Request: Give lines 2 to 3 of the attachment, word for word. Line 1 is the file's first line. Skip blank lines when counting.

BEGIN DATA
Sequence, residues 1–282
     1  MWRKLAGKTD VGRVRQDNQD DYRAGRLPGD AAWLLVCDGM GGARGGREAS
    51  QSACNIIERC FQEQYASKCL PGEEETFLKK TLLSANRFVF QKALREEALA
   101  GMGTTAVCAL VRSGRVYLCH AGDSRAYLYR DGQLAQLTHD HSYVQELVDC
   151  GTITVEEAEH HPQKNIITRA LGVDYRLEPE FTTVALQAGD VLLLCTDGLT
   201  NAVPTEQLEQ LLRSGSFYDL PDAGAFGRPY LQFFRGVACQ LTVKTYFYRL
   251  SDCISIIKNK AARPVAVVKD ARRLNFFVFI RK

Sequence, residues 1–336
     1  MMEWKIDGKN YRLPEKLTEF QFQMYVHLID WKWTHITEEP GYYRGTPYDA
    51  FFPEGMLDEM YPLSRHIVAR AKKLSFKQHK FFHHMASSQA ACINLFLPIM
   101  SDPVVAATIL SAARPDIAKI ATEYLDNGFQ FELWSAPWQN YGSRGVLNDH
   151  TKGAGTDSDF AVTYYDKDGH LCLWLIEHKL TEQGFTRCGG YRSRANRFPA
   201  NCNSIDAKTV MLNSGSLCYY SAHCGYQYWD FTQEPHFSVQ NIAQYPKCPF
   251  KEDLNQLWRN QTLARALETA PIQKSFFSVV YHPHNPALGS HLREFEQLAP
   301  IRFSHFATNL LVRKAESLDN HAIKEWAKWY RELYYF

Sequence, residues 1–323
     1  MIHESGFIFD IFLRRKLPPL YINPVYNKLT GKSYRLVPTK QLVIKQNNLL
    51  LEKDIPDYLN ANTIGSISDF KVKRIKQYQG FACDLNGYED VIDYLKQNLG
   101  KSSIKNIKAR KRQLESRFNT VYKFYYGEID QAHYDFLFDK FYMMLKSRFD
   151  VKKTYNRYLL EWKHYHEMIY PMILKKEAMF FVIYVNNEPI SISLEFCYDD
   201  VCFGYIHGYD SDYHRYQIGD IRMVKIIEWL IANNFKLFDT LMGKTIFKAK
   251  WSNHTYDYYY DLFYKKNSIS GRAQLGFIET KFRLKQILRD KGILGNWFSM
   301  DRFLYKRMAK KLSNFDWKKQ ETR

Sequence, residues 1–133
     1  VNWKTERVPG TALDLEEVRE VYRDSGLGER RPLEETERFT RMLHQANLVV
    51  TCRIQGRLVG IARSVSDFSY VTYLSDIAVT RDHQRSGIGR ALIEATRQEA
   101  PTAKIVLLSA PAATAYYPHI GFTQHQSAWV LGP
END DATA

     1  MWRKLAGKTD VGRVRQDNQD DYRAGRLPGD AAWLLVCDGM GGARGGREAS
    51  QSACNIIERC FQEQYASKCL PGEEETFLKK TLLSANRFVF QKALREEALA